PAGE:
Infection in Drosophila simulans with the endocellular symbiont Wolbachia pipientis results in egg lethality caused by failure to properly initiate diploid development (cytoplasmic incompatibility, CI). The relationship between Wolbachia infection and reproductive factors influencing male fitness has not been well examined. Here we compare infected and uninfected strains of D. simulans for (1) sperm production, (2) male fertility, and (3) the transfer and processing of two accessory gland proteins, Acp26Aa or Acp36De. Infected males produced significantly fewer sperm cysts than uninfected males over the first 10 days of adult life, and infected males, under varied mating conditions, had lower fertility compared to uninfected males. This fertility effect was due to neither differences between infected and uninfected males in the transfer and subsequent processing of accessory gland proteins by females nor to the presence of Wolbachia in mature sperm. We found that heat shock, which is known to decrease CI expression, increases sperm production to a greater extent in infected compared to uninfected males, suggesting a possible link between sperm production and heat shock. Given these results, the roles Wolbachia and heat shock play in mediating male gamete production may be important parameters for understanding the dynamics of infection in natural populations.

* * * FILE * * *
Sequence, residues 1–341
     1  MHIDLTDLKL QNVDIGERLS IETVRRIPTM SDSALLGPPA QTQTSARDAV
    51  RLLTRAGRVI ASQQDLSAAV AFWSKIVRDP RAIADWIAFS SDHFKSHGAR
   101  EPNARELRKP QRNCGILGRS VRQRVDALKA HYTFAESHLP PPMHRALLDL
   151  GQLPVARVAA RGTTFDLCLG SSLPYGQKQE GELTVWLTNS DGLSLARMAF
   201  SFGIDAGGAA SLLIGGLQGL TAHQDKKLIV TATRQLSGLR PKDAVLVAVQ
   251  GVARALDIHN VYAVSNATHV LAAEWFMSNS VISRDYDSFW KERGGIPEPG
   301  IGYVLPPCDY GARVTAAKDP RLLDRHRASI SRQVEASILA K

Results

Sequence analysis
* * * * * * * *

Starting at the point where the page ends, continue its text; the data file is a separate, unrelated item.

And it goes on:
|Original language||English (US)|
|Number of pages||12|
|State||Published - May 2000|
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